Credit: United Artists
Before We Vanish by Steven Warner Film

About Fate — Marius Vaysberg

September 30, 2022

A fluff-piece out two months before its prime time, About Fate is a lukewarm entry into the holiday rom-com catalog.

For a romantic comedy, About Fate is about as generic a title as they come, and it certainly matches the film that follows, a predictable slice of milquetoast pap that would feel snug at home on any basic cable network or streaming service. Indeed, the biggest mystery is why this holiday-set piece of fluff, directed by Marius Vaysberg, is being dropped in the middle of September, when its target audience would snarf it down in roughly .5 seconds had it been released at a more appropriate time. Then again, the Hallmark Channel successfully celebrates Christmas in July each year with a slate of new content, so the rules are pretty vague. Star Emma Roberts is certainly no stranger to this type of material, having starred in Netflix’s wildly popular Holidate in 2020, and she reteams with that film’s screenwriter, Tiffany Paulsen, because she’s either very loyal or understands where the money train stops (or both); Scorsese and De Niro are undoubtedly quaking in their boots. Along for the ride this time out is Thomas Mann, a young actor who was last seen inadvertently separating Marcel the Shell from his family, and so is instantly met with suspicion from this critic.

As the film opens, Margot (Roberts) and Griffin (Mann) are both waking up in their respective duplexes on a crisp winter’s morn, preparing for an evening of expected enchantment: he plans on popping the question to his girlfriend of three months, while she anxiously awaits a proposal. Yet in a shocking twist revealed at the defunct chain restaurant of Benningan’s(?!), we discover that Margot and Griffin don’t actually know one another, a case of misdirect so clever that smelling salts should be administered with each ticket purchase. Griffin’s girlfriend, a social media influencer by the name of Clementine (Madelaine Petsch), is rightfully appalled that he would propose in such a hellhole of kitsch, insisting that he do it at her corporate-sponsored New Year’s Eve party the next night, even though it’s a tradition that the members of Griffin’s family get engaged on December 30, because that’s the level of bonkers this film is operating at. Margot, meanwhile, gets dumped by the dreamy Kip (Lewis Tan), who is rightfully appalled that she would expect a proposal after only three months and having never met a single one of her friends or family. Margot is especially heartbroken because, in less than 24 hours, she has to attend the wedding of her Bridezilla sister, Carrie (Britt Robertson), who, along with the rest of her family, is convinced that Kip is fake.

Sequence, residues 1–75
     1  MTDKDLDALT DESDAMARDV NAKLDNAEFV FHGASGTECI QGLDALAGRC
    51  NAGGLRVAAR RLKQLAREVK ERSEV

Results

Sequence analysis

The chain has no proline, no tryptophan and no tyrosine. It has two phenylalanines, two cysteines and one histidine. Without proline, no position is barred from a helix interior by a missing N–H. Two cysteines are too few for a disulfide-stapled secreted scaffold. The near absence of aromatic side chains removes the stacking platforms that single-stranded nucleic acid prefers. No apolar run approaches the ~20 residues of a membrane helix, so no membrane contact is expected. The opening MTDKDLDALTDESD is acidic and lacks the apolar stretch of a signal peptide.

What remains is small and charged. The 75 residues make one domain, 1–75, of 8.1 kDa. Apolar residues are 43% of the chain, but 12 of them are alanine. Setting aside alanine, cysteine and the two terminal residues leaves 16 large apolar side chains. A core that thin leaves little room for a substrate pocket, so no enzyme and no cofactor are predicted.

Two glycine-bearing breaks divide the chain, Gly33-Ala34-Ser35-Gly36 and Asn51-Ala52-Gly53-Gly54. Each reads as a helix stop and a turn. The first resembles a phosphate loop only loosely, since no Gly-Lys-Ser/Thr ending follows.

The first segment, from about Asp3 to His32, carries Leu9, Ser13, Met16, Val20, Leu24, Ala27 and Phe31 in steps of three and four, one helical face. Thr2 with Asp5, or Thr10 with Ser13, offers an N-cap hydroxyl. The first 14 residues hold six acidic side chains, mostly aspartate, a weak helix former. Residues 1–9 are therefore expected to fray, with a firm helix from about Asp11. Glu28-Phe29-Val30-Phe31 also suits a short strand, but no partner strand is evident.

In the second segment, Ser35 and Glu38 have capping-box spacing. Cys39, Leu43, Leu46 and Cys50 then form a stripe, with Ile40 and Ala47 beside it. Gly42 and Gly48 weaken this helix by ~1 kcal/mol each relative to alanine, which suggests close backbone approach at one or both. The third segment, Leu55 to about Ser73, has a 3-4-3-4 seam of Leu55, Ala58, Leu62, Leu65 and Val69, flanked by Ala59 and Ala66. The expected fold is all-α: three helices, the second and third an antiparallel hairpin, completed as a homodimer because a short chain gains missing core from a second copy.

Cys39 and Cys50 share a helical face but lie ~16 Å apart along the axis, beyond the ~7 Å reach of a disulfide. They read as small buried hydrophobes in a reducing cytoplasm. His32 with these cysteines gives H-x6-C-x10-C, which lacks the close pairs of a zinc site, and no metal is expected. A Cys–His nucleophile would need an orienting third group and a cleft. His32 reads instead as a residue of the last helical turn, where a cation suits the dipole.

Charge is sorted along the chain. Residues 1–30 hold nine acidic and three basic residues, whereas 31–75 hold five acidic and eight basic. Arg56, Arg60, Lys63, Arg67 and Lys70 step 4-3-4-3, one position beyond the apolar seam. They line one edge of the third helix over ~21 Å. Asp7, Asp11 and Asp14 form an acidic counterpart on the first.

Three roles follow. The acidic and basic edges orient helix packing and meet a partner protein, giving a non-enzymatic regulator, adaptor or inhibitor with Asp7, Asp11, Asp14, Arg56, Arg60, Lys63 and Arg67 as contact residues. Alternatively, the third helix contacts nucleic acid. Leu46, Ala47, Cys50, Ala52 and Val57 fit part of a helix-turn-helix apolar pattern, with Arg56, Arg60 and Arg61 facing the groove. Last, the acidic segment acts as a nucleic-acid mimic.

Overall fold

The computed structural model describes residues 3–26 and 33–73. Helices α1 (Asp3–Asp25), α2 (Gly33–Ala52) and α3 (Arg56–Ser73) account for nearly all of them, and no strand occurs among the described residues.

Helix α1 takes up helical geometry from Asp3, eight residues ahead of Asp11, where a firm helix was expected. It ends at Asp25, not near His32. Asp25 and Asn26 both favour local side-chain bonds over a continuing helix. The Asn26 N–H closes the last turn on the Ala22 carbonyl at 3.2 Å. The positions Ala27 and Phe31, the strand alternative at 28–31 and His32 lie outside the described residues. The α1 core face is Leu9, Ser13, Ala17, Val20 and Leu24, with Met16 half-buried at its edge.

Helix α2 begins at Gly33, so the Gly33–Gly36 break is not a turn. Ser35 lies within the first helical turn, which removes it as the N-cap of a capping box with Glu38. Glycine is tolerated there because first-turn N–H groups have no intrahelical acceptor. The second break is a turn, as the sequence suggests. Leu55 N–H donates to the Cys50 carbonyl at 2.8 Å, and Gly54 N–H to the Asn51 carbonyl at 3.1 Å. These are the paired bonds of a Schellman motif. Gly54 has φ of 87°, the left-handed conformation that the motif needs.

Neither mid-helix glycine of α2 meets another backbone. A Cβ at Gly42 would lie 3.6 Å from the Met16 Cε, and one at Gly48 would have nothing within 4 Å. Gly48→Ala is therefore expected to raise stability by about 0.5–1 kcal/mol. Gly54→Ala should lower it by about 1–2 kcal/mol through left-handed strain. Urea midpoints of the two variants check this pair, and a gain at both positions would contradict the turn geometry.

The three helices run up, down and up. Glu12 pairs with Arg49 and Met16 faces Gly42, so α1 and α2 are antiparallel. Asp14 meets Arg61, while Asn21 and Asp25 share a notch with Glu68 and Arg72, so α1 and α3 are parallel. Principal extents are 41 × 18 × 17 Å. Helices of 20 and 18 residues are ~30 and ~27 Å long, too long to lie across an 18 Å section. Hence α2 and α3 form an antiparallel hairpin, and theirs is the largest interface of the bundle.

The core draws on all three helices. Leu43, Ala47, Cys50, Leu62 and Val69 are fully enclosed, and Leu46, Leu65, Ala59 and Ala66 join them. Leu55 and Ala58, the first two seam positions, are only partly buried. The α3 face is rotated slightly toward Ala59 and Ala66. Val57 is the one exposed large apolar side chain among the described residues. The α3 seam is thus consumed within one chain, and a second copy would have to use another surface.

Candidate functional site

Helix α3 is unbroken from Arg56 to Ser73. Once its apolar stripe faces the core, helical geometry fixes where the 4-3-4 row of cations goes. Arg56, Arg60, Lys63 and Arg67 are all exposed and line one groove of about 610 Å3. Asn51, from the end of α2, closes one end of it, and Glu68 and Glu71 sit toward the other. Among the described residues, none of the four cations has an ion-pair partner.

This is where the titular fate comes in, as a series of events far too dunderheaded to get into here ultimately result in Griffin winding up naked in Margot’s bed. After the 911 operator she rightfully calls informs her that Griffin sounds like a nice guy, Margot decides to convince Griffin to pose as Kip and accompany her to the wedding, because otherwise it would ruin her sister’s day or some such nonsense. And so the two pose as a loving couple, and wouldn’t you know it, it’s not long before the ruse starts to feel real. Too bad Griffin is still set to propose to Clementine in mere hours, and then there’s also the matter of Kip showing up at the reception, which then involves a poorly choreographed fight scene between Kip and Griffin because the dude has a third-degree black belt. (Also to this point, Mann looks to weigh roughly two pounds, which is only worth noting because the film makes this painfully clear by jumping through hoops to have him wind up in his underwear at the most inopportune times.)

If it wasn’t already clear, About Fate is incredibly stupid, but it also isn’t nearly as painful as it could have been, thanks to its two likable leads who share more chemistry than one usually expects from such a thankless endeavor. Nothing here is particularly fresh or funny — and the film really isn’t doing itself any favors by constantly referencing Breakfast at Tiffany’s — but in comparison to such soulless dreck as The Christmas Prince or A Castle for Christmas, it feels more like a semi-stale sugar cookie and a lukewarm cup of cocoa than the usual gift-wrapped pile of shit, and that’s meant as a compliment. In other words, expect Amazon Prime to promote the hell out of this thing in three months once it finally shows up for free on its streaming platform. About Fate certainly offers its intended audience no reason not to wait, especially as the holiday season might coax them into a more forgiving mood.

Published as part of Before We Vanish — September 2022.